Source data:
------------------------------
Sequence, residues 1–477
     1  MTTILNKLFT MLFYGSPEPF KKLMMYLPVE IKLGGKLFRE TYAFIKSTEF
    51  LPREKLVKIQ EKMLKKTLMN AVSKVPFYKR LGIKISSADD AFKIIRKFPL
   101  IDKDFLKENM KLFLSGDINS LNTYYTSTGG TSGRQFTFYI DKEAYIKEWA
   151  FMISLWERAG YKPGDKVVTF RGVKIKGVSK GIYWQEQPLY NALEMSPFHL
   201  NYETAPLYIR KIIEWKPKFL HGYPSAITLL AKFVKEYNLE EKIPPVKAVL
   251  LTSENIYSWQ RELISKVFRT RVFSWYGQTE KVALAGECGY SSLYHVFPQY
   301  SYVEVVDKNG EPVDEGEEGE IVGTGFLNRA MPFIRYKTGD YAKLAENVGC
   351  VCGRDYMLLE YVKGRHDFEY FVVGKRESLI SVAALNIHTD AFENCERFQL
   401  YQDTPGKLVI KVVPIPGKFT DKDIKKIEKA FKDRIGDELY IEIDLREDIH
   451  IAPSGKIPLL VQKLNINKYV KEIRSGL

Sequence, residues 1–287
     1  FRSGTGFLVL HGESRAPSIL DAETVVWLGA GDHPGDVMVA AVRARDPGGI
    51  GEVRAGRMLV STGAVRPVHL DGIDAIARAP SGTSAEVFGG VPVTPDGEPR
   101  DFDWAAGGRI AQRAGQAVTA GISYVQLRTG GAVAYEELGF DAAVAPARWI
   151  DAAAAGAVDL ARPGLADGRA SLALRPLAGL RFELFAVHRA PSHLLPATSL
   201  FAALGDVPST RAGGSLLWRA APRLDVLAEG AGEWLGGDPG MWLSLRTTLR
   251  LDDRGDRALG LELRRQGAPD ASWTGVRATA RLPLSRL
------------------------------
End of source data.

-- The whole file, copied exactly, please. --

Sequence, residues 1–477
     1  MTTILNKLFT MLFYGSPEPF KKLMMYLPVE IKLGGKLFRE TYAFIKSTEF
    51  LPREKLVKIQ EKMLKKTLMN AVSKVPFYKR LGIKISSADD AFKIIRKFPL
   101  IDKDFLKENM KLFLSGDINS LNTYYTSTGG TSGRQFTFYI DKEAYIKEWA
   151  FMISLWERAG YKPGDKVVTF RGVKIKGVSK GIYWQEQPLY NALEMSPFHL
   201  NYETAPLYIR KIIEWKPKFL HGYPSAITLL AKFVKEYNLE EKIPPVKAVL
   251  LTSENIYSWQ RELISKVFRT RVFSWYGQTE KVALAGECGY SSLYHVFPQY
   301  SYVEVVDKNG EPVDEGEEGE IVGTGFLNRA MPFIRYKTGD YAKLAENVGC
   351  VCGRDYMLLE YVKGRHDFEY FVVGKRESLI SVAALNIHTD AFENCERFQL
   401  YQDTPGKLVI KVVPIPGKFT DKDIKKIEKA FKDRIGDELY IEIDLREDIH
   451  IAPSGKIPLL VQKLNINKYV KEIRSGL

Sequence, residues 1–287
     1  FRSGTGFLVL HGESRAPSIL DAETVVWLGA GDHPGDVMVA AVRARDPGGI
    51  GEVRAGRMLV STGAVRPVHL DGIDAIARAP SGTSAEVFGG VPVTPDGEPR
   101  DFDWAAGGRI AQRAGQAVTA GISYVQLRTG GAVAYEELGF DAAVAPARWI
   151  DAAAAGAVDL ARPGLADGRA SLALRPLAGL RFELFAVHRA PSHLLPATSL
   201  FAALGDVPST RAGGSLLWRA APRLDVLAEG AGEWLGGDPG MWLSLRTTLR
   251  LDDRGDRALG LELRRQGAPD ASWTGVRATA RLPLSRL